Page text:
I have known this precious brother for thirteen years.  As so many others, I feel and pray for him as my fingers move to speed his message to you, and letting him tell you what he now wants you to hear.


In deepest humility,

Stanley E. Sayers

February, 1966




A personal testimonial of Tom Medlock

as told to Stanley E. Sayers


My name is Tom Medlock.  I am a real person and known by all those who have been acquainted with me for the past 51 years which brings me to my present age.  I live in the city of Ada, Oklahoma and have been for the better part of my life a member of the church of Christ.  My days have been spent actively in the work of the church: teaching young people, adult classes, directing singing, engaging in personal work, and even speaking on numerous occasions to audiences from the pulpit.

I have been acquainted with the church from about every position possible — and even to the elevated capacity as serving as an elder in the Lord’s church — the most responsible position given from Heaven to earth.

I have rejoiced again and again to see souls give themselves over to the Master.  I was quick to rush to them and encourage them in the paths of salvation I, myself, have baptized several into Christ.  Often have I listened to brothers or sisters pour out their hearts to me, or to both my wife Bonnie, and myself.  The church has been the center of my entire life, with its God and among its people.

These were happy days, and I recall them in tender fondness — the little church where we worshipped, reared our family, and carried on our livelihood in the nearby grocery store just down the road from the church building.  From here we came to know hundreds of people now our closest friends.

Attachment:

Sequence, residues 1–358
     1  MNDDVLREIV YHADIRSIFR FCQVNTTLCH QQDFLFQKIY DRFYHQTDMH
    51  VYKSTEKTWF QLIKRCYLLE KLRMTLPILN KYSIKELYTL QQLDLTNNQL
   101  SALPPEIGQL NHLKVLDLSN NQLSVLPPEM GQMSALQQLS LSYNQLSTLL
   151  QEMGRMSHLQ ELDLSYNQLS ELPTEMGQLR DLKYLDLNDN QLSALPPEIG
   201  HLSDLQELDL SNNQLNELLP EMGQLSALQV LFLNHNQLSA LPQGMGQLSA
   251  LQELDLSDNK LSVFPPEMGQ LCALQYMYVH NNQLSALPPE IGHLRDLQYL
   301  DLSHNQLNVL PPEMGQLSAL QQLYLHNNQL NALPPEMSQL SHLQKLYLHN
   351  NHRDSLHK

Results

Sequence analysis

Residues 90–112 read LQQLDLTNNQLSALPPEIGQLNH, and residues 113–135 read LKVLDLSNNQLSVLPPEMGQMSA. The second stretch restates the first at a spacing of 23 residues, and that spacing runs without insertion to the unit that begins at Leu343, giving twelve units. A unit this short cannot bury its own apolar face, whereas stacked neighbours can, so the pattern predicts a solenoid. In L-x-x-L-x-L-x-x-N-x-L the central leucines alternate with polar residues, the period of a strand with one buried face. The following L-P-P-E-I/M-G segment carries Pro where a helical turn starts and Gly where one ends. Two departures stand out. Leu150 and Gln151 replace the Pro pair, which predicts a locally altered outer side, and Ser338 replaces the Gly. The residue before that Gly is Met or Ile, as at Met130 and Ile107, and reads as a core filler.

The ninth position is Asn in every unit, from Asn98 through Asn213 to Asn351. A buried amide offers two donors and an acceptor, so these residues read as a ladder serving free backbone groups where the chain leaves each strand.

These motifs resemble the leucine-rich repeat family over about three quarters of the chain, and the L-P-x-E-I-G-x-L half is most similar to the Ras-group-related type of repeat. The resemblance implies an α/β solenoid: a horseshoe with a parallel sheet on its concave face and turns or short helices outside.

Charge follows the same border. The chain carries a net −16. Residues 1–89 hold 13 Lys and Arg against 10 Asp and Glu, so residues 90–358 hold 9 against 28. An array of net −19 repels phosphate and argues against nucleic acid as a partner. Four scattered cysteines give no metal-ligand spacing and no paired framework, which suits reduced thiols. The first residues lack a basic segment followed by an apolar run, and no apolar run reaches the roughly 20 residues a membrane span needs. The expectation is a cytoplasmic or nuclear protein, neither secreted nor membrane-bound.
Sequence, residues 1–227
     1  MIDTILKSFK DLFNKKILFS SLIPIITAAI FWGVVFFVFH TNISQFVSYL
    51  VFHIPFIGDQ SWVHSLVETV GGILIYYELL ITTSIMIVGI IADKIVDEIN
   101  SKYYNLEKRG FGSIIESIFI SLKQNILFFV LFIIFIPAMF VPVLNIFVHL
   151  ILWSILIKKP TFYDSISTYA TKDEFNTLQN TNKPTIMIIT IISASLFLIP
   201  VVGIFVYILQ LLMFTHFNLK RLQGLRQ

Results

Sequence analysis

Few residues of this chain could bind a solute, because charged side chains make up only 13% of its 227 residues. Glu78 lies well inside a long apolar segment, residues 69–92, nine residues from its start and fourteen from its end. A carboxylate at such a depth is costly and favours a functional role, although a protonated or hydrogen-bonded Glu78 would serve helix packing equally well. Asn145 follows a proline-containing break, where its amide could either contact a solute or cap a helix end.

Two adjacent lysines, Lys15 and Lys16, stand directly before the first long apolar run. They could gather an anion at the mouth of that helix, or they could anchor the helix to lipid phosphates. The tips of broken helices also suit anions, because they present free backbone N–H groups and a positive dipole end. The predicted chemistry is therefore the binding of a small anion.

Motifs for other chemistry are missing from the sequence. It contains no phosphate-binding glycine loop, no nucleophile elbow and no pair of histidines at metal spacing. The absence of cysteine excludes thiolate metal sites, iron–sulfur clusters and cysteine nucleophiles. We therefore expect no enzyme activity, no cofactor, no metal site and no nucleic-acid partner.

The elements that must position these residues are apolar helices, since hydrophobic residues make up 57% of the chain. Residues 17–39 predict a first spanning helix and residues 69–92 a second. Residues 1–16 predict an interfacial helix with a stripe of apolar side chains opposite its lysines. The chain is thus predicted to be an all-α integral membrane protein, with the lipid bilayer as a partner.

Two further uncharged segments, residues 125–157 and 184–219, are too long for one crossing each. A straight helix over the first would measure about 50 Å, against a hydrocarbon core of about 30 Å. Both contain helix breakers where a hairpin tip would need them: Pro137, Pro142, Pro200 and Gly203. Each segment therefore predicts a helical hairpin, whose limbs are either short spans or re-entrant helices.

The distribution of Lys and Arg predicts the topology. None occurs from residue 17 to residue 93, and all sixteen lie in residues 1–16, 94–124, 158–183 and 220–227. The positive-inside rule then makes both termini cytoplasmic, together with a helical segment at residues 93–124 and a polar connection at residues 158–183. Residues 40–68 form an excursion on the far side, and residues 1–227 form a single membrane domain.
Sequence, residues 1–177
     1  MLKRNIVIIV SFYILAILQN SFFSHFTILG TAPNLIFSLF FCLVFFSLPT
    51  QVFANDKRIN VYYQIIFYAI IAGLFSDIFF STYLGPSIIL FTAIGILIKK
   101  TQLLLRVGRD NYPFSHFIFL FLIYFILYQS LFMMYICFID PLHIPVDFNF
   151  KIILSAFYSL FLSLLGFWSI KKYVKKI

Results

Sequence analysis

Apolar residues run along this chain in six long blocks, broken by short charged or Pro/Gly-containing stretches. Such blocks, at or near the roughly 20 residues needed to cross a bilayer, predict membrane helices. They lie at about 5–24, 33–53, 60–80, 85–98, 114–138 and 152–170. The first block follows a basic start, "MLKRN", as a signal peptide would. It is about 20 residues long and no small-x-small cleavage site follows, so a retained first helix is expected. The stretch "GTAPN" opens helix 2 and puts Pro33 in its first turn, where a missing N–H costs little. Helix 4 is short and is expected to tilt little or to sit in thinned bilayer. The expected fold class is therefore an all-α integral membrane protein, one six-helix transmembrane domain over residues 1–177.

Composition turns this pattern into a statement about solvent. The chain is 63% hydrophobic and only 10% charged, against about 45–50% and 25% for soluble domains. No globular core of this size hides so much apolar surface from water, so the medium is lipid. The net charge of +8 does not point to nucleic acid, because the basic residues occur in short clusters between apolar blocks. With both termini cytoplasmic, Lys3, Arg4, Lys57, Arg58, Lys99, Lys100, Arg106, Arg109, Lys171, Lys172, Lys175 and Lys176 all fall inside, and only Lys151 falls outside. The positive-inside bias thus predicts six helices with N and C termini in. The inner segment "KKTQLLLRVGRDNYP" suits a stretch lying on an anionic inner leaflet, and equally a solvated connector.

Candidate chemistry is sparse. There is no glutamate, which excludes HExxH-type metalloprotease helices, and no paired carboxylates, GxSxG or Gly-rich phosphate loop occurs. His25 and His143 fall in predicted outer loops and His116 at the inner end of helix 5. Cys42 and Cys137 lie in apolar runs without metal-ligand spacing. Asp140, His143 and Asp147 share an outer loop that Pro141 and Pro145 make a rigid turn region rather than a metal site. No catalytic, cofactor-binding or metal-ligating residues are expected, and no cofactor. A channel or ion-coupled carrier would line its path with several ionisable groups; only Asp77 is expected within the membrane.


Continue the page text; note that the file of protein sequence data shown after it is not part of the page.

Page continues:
Of late, though, things have changed.  Oh, how they have changed!  You see, the happiness is gone.  It is only a thing that once was.  A tragedy has struck our home newly built in the most scenic surroundings east of Ada.  An entirely new world has engulfed me and claimed me as its helpless victim.  At the very peak of my business career and just when Bonnie and I had settled down to enjoy life and relax in the quiet of the country where God’s fresh breezes blow. The happiness, the future joys once so definitely ours are gone, for. . . I am at this moment dying of lung cancer.

The fact has come home to me with such tremendous force that there are no words to describe my feelings.  Everything is gone.  The past weeks have seen me going down hill rapidly and as I grow continually weaker, loving brethren in the Lord seek to console me saying, “We’re praying for you, Brother Tom; we’re praying for you.”  But just who can pray hard enough when this hits you!  I look out at life and back through time in a dismal fog telling myself it isn’t really so — the truth has surely not been told me!  This can’t be me they’re talking about! No, no—not me